In order to stay ahead of major system service appointments, proactive maintenance helps operators specifically identify what needs addressing within a machine or system. For example, if a sensor can identify when a hose needs replacing, a smart system can notify the end-user weeks ahead of potential failure, allowing operators to schedule maintenance only when it is required. This provides two benefits. First, the operator can minimise downtime because maintenance can be scheduled at a convenient time before a failure can occur. Second, the operator avoids the challenge of trying to identify what needs replacing. Preemptively knowing that there is a performance issue, and knowing what parts will be required, allows the operator to arrange the necessary parts and service quickly before downtime becomes a real threat.
In the past, customers relied on an in-house hydraulic expert at the plant to address machinery performance issues. The hydraulic expert would examine gauges, fluid conditions and other components, and then address the likely performance concerns to resolve the issue. Today, most plants don't have the luxury of having an in-house hydraulic expert available, and the increased complexity of systems has made troubleshooting much more challenging, even with an in-house expert on the team. Smarter components can help identify specific performance issues, helping operators fine tune their systems for optimum productivity and efficiency.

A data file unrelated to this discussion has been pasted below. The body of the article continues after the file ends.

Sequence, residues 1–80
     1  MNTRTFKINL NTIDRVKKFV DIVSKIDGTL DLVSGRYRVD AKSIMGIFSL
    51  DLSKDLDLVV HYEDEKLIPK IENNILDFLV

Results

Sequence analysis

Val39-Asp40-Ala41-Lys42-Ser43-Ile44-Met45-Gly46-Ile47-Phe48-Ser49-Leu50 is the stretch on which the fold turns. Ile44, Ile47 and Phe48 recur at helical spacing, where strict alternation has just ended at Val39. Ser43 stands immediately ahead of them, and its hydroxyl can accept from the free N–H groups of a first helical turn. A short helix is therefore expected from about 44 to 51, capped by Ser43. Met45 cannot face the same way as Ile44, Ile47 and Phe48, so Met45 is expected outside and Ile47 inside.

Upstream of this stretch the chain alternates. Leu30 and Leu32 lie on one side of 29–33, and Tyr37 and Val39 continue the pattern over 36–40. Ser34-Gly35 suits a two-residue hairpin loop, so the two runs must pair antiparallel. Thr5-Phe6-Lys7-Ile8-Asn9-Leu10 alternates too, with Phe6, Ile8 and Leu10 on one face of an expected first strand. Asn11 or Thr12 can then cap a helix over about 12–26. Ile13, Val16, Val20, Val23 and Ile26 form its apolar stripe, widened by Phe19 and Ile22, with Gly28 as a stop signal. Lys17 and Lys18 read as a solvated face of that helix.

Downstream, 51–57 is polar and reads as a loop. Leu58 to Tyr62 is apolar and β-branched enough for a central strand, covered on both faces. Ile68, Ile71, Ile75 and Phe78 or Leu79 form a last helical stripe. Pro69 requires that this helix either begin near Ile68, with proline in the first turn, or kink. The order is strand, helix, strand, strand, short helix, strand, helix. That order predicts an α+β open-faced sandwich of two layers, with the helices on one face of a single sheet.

Building smart solutions
Components serve as the building blocks to create systems that have more and more intelligent features, thus developing smarter machines. At Eaton, we have been working with customers for years to build smarter machines. One example of how Eaton helps partners create smarter machines is with our LifeSense® hydraulic hose condition monitoring system. Eaton uses innovative sensor technology to automatically measure and manage conditions. A few years back, Eaton also introduced the CMA Advanced Mobile Valve with Independent Metering, the most advanced valve in the market, which offers manufacturers nearly endless possibilities to differentiate machine capabilities. Eaton also launched AxisPro™ Proportional Valves that are built on the proven KB Servo Proportional Valve technology. This next generation valves provides multiple levels of performance to meet the demands of a wide range of applications. Its four-way solenoid operated proportional valves offer high dynamic performance which enables them to be used in closed-loop applications previously only possible using conventional servo valves.
Shandar Alam is Managing Director for Eaton's Vehicle and Hydraulics businesses in India.